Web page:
verb (used with object)
verb (used without object)
Origin of railroad
Examples from the Web for railroad
Contemporary Examples of railroad
It was from a former Railroad Commission employee who had gone to work for an oil and gas developer.
A Railroad Commission employee drove him 80 miles to his home in Freer.
Kocurek and Wright, who worked in different Railroad Commission districts, were fired within months of each other in 2013.
He said he prefers to forget about his 18-month stint with the Railroad Commission.
Even if the real Henry never existed, thousands of black workers built the railroad tracks crisscrossing Ohio.Superman Is Jewish: The Hebrew Roots of America's Greatest Superhero
August 16, 2014
Historical Examples of railroad
"We'd better go to the railroad depot, Mr. Dunham," he said.Brave and Bold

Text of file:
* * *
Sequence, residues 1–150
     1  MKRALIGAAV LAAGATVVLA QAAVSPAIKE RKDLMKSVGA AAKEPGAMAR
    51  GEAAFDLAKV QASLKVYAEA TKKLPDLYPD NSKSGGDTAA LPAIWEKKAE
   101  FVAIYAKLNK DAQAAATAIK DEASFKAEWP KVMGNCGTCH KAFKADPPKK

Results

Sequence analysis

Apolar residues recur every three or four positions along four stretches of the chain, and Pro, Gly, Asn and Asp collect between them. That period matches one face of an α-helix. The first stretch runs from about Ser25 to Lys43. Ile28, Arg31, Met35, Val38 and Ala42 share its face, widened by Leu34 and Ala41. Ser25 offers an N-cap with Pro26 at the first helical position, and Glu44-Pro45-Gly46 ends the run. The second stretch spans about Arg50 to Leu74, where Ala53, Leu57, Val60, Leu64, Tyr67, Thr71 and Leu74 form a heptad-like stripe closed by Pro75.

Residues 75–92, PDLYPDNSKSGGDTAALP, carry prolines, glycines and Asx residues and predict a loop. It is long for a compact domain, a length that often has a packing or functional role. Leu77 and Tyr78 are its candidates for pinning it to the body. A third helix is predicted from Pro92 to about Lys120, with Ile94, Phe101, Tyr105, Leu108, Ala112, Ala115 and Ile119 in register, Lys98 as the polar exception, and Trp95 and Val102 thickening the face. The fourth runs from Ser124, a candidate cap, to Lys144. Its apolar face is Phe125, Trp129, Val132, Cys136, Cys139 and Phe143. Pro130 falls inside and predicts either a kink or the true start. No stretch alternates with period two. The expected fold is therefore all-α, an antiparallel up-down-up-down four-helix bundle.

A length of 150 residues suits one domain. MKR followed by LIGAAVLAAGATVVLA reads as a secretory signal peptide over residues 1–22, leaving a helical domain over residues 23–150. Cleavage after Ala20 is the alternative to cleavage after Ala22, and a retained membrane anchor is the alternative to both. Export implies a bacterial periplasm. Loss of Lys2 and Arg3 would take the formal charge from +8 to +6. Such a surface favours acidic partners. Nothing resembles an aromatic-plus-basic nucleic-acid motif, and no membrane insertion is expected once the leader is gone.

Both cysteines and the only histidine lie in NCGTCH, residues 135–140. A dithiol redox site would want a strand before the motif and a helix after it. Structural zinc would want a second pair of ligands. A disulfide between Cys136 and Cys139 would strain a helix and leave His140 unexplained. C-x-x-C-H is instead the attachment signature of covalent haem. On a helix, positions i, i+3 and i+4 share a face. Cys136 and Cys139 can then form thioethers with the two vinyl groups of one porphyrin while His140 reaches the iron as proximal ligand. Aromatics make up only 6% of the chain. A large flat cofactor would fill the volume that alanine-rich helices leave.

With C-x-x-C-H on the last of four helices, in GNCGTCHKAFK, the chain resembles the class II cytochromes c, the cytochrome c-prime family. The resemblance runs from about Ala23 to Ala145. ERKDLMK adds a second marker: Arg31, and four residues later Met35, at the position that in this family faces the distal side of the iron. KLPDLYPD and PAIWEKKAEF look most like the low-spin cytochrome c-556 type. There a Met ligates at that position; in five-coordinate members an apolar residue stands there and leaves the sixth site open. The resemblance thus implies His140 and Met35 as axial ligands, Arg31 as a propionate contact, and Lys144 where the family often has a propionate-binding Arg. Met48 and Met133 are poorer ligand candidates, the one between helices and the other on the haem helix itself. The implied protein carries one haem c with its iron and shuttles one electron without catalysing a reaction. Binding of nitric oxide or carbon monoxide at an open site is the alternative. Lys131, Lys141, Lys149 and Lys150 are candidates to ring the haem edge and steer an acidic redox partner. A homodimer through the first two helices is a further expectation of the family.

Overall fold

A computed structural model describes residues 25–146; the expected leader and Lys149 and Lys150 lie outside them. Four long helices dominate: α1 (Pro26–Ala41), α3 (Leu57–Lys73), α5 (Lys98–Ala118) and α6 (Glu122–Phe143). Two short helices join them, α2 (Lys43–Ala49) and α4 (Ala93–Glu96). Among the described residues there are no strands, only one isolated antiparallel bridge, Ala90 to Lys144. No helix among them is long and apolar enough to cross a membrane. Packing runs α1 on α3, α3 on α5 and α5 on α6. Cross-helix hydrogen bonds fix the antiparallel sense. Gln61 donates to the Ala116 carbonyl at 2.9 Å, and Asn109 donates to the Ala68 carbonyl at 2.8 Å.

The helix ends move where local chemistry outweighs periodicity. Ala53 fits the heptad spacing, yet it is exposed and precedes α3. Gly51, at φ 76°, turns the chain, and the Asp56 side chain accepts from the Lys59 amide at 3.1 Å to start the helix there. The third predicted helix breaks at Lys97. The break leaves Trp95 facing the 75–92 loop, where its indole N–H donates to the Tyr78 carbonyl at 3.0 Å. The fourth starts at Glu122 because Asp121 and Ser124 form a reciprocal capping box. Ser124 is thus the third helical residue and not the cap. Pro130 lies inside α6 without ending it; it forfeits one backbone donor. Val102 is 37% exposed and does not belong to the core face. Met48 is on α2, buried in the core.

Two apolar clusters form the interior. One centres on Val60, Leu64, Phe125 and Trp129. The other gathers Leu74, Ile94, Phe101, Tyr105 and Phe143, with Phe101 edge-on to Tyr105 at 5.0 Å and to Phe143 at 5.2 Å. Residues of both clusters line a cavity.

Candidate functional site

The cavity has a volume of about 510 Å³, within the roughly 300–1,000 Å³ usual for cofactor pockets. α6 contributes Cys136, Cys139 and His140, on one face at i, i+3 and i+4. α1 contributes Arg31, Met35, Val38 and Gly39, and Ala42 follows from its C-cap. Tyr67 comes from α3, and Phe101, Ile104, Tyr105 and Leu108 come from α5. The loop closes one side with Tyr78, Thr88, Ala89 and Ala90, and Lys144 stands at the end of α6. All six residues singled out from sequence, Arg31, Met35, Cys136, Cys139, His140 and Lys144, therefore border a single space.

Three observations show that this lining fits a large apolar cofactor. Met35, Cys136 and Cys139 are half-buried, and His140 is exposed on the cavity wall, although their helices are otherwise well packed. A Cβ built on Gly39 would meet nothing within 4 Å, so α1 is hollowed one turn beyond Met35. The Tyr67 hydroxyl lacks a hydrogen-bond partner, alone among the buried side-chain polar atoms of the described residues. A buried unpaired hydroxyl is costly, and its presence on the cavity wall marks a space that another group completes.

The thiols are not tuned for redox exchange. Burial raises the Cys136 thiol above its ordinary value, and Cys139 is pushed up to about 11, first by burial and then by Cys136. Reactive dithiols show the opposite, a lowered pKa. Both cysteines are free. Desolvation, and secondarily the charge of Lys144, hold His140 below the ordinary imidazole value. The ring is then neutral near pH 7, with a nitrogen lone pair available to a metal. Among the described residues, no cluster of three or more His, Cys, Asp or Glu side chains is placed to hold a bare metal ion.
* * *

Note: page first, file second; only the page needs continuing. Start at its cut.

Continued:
I feared rough usage at the railroad, and rougher associations.
I was given a letter to Leadbitter, and immediately started on foot for the railroad.
My reasons for not wanting to go to the railroad to work were good.
Here is a Railroad Accident, such as you have often wished to see.
1757, from rail (n.1) + road. Originally "road laid with rails for heavy wagons (in mining)." The process itself (but not the word) seems to have been in use by late 17c. Application to passenger and freight trains dates from 1825, though tending to be replaced in this sense in England by railway.
"to convict quickly and perhaps unjustly," 1873, American English, from railroad (n.).
A person knowing more than might be desirable of the affairs, or perhaps the previous life of some powerful individual, high in authority, might some day ventilate his knowledge, possibly before a court of justice; but if his wisdom is railroaded to State's prison, his evidence becomes harmless. ["Wanderings of a Vagabond," New York, 1873]
Related: Railroaded; railroading. An earlier verb sense was "to have a mania for building railroads" (1847).